Sometime in 2017, we were researching the escalation of land injustice during and after elections when we landed a curious piece of folklore of harvesting Museveni’s weakness for power.
See, for his barely disguised political ambitions – mostly the pursuit of a “democratic life-presidency” – Museveni has become so desperate to the point that his surrogates have a free ride committing crimes using his name – even those they know he openly dislikes.
Although I have no doubt Museveni actually likes most of the crimes committed by his heavyweight and mid-weight surrogates – as this makes them perpetually indebted to him – more crimes are committed nowadays that actually make his work difficult. He would prefer they were not committed at all. But he is so conflicted to stop them!
We were on the shores of Lake Victoria, in Semujju Ibrahim Nganda’s constituency, in a place that neighbours had dubbed, “Mu-fake.”
The name Mu-fake was reference to the new inhabitants. Government had planned to build a port here but had challenges evicting occupants whom it never wanted to compensate, arguing that their occupancy was illegal. But how had they gotten there in the first place?
Respondents in the neighbourhood – Mu-fake residents were unwilling to talk – told us that ahead of the election in 2016, men – over 100 of them – claiming to be NRA/NRM veterans stormed the area in the wee hours of the night and had by morning, erected makeshift uniports.
Made out of timber offcuts, these uniports were painted yellow and plastered with Museveni 2016 election posters. The logic – which is still valid to this day— is that Museveni-support posters offer security of harvest: who would dare touch Museveni’s supporters in the heat of an election?
The uniports became Local Council units from which land would be parcelled out. In order not to be resisted by local communities, who hitherto had cultivated this land, these “NRM veterans” invited willing local residents to come and share in. It was a fete of some kind.
One respondent told us they had acquired so much land in the forest that they didn’t even know what to use it for. But this is not the cutest part of the story.
This place hitherto hosted plots of commercial forests mostly eucalyptus trees. The plots belonged to mostly NRM-leaning public officials who had replaced natural covering with commercial trees.
NRM-leaning public servants tend to have connections inside the palace, but are generally weaker than veterans – or assumed veterans. The new arrivals started harvesting these trees like they had actually planted them. The area MP would tell us that the confrontation that ensued became violent as gunshots were exchanged between these two thievery-all-Museveni-supporting camps.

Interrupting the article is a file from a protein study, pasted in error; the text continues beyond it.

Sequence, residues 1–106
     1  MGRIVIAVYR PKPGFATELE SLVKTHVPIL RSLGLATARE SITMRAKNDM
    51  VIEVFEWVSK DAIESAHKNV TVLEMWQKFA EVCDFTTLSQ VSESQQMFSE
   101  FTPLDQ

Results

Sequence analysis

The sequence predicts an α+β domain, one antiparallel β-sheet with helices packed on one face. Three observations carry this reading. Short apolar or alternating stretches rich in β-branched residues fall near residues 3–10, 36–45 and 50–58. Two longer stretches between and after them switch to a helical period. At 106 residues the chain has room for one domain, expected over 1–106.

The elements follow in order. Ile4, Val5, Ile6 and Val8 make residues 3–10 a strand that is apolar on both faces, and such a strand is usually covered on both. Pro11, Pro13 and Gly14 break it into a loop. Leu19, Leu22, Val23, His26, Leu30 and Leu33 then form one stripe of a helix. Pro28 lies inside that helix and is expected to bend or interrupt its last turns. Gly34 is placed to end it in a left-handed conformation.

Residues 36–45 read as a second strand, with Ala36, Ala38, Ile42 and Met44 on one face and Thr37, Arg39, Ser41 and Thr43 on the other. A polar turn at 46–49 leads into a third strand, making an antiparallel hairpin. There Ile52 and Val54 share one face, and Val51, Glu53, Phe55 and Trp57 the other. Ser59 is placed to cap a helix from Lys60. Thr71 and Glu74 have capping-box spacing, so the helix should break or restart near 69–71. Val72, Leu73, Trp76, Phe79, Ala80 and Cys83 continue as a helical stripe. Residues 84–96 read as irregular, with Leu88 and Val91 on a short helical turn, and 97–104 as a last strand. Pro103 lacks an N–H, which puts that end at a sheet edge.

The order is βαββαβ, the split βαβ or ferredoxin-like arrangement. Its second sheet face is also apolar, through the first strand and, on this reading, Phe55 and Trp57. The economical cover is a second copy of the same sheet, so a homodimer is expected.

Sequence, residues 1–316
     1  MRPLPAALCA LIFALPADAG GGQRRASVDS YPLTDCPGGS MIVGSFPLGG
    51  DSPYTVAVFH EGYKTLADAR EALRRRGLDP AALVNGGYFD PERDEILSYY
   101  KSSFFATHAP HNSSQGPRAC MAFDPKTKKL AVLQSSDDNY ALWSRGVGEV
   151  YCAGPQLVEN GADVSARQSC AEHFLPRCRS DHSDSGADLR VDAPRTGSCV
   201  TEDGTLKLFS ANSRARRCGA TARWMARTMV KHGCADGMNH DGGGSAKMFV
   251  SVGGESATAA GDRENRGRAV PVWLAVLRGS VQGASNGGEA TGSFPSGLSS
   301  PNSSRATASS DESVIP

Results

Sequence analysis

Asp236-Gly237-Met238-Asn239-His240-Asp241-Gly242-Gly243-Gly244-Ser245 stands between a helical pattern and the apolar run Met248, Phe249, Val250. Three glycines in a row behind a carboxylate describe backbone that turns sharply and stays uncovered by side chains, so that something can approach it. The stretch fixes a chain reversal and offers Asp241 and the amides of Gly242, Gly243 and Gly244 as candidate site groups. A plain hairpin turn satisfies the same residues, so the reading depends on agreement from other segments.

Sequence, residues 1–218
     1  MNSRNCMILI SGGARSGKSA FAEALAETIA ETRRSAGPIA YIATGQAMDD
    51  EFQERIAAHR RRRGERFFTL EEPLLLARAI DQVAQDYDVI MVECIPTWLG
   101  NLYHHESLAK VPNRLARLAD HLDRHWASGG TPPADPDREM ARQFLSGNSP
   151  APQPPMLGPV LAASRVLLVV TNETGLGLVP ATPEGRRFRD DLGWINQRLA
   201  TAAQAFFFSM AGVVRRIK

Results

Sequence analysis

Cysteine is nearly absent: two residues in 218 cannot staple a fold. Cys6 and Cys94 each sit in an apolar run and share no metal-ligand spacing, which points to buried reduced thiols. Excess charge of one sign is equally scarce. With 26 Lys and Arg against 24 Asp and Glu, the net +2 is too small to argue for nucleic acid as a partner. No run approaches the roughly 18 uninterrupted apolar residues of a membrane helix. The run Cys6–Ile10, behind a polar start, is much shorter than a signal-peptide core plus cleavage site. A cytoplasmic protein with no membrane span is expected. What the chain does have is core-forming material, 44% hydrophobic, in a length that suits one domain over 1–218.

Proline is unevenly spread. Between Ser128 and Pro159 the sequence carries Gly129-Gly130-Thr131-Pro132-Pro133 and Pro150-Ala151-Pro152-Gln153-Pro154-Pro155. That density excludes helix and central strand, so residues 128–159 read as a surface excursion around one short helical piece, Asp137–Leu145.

In the end, the veterans defeated the public servant [except one man, who still owns his plot of forest. His edge over the rowdy veterans was being an active soldier himself].
We have entered another election season and stealing in Museveni’s name is more legitimate business. [But also simply good security if endangered]. Posters have started to emerge in market-squares in and around Kampala announcing support for President Museveni.
Men building in wetlands have also erected Museveni support posters next to their victims. Tax evaders only have to have Museveni-support stickers on their trailers. Motorists in endangered taxi parks have done the same.
Whilst the market vendors and motorists are moved by their condition of precarity, regime-blessed chumps are inspired by the desire to protect and draw more booty. Either way, the national condition is one of precarity as only Museveni’s name appears to guarantees business and livelihood.
But the bigger problem is not with those seeking to harvest Museveni’s weakness for power (and fraudulently, they must) but, rather, Museveni himself. Trapped in the this mesh of men committing crimes using his name, he can neither move forward no backwards. The Jennifer Musisi-KCCA story captures this tragedian dilemma more vividly:
In his effort to capture the hearts of Kampalans, Museveni appointed Ms Musisi to clean up and sort the city. Once in office, Musisi quickly noticed that Kampala’s mess was partly caused by unregulated motorcycle taxi riders. She sought to start there.
When the riders resisted registration and getting more structured, Musisi opted for a little force. She would learn quickly that the cyclists were actually Museveni’s friends. Indeed, it was from the same man that both herself and the cyclists got their power – and impunity.
Whilst Museveni loathed the boda-boda chaos and wanted Musisi to organise them, he could not afford to lose their vote – and the political significance of the their chaos. Musisi would leave the city just the way she had found it. The season is back, and whoever has any crime to commit, just declare support for Museveni; you’ll be home and dry.
The author is a PhD fellow at Makerere Institute of Social Research